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What Is Mitral Regurgitation? - Definition, Symptoms & Treatment

Instructor: Rachel Torrens

Rachel obtained a Bachelor of Science in Biology from Grove City College. She then earned her Bachelor's and Master's Degree in Nursing from Thomas Jefferson University. For over 8 years, Rachel has practiced as a Board Certified Family Nurse Practitioner, and taught science to elementary aged students.

Mitral regurgitation may sound like something your cat does when it has a hairball, but in actuality it is a very serious heart defect. This fascinating condition, while potentially dangerous, can sometimes produce no symptoms! Learn more about mitral regurgitation's symptoms (or lack thereof) and treatments in this lesson.

What Is Mitral Regurgitation?

Have you ever driven in the center of a city? The roads are narrow and there are one-way signs plastered everywhere. These one-way signs can be particularly frustrating, especially when you really want to turn the opposite direction of the sign. However, the signs serve a purpose. They help to maintain the flow of traffic. If narrow streets where only one car can pass were not labeled as one-way, can you imagine the mess? Say it with me - gridlock! Well, our hearts - the center of our circulatory system - is a one-way kind of place.

The heart is composed of four rooms, or chambers. Separating the chambers from one another and from the rest of the body are four doors, or valves. The two chambers on the left side of the heart are (atrium on top, ventricle on bottom) divided by the mitral valve. The mitral valve's job is as follows: the atrium squeezes blood into the ventricle, at the end of the squeeze it is the mitral valve's job to shut the door, keeping all of the blood in the ventricle. Then in turn, the left ventricle squeezes the blood out through the aorta and to the rest of the body.

So what exactly is mitral valve regurgitation? Well, mitral valve regurgitation is when the mitral valve fails to completely close the door so to speak, allowing blood to flow BACK into the atrium. As you can imagine, just like in the crowded city center, this failure to follow the one-way flow can lead to major problems.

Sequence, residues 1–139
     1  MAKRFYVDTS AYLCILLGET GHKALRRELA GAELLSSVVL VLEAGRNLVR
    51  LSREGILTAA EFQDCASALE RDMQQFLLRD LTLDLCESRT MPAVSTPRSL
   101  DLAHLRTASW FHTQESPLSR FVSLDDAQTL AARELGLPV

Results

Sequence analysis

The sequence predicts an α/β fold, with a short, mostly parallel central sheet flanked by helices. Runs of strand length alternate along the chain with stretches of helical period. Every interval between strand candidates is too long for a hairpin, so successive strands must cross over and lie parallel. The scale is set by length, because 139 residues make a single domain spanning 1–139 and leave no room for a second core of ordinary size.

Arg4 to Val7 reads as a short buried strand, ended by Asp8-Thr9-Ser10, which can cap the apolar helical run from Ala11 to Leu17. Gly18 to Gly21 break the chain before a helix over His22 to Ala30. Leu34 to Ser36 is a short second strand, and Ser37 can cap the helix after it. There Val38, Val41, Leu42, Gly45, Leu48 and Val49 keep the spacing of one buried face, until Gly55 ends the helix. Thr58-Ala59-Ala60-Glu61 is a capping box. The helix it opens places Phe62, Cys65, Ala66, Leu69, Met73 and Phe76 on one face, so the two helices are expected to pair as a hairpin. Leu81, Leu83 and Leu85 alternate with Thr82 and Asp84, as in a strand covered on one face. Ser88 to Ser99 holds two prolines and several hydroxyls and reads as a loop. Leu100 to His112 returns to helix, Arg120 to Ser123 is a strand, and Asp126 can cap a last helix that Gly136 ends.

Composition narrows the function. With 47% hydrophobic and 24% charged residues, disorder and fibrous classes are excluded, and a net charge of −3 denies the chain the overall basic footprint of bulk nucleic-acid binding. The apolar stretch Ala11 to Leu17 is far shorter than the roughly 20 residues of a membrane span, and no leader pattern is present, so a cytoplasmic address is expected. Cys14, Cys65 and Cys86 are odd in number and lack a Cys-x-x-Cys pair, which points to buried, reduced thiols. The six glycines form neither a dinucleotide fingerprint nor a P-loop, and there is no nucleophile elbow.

This ultrasound of the heart, called an echocardiogram, shows mitral regurgitation. You can note the blood (orange colored) going back up through the mitral valve from the left ventricle into the left atrium.
Ultrasound of mitral regurgitation

Symptoms of Mitral Regurgitation

Believe it or not, many patients with mitral regurgitation have no symptoms at first. And when the symptoms do begin, they occur gradually.

The first symptom (of which patients are unaware) is a heart murmur. That blood flowing BACKWARDS from the left ventricle into the left atrium makes a distinctive swishing sound. It is sometimes this heart murmur that healthcare providers notice first, on routine physicals, before the patient even has symptoms, which leads to a diagnosis.

As mitral regurgitation continues or worsens, patients will usually notice the following symptoms:

  • Shortness of breath, especially following exercise OR when laying down flat
  • Heart palpitations, it feels as the heart is pumping extra hard and/or missing a beat
  • Lightheadedness and/or fatigue
  • Swelling of the lower legs, ankles and feet
  • Coughing

If you understand where the blood is supposed to flow, then the symptoms of mitral regurgitation become easy to understand. As you can see the blood entering the left atrium comes from the lungs, so if there is a blood backup, then the excess blood is going to flood the lung tissue causing shortness of breath (even when laying down) and/or coughing.
Circulation map of blood flow in the heart

Treatment for Mitral Regurgitation

If symptoms are non-existent or mild, or a patient has other more pressing health issues, a healthcare provider may recommend 'watchful waiting'. Routine check-ups would be instituted, but medications and/or surgery would be postponed.

If there is a treatable contributing factor to the mitral regurgitation, such as high blood pressure, an irregular heartbeat or heart failure, then medications may be used to correct these conditions. Beta-blockers, ACE inhibitors, calcium channel blockers, anti-arrhythmics and diuretics are all examples of medications which may be used.

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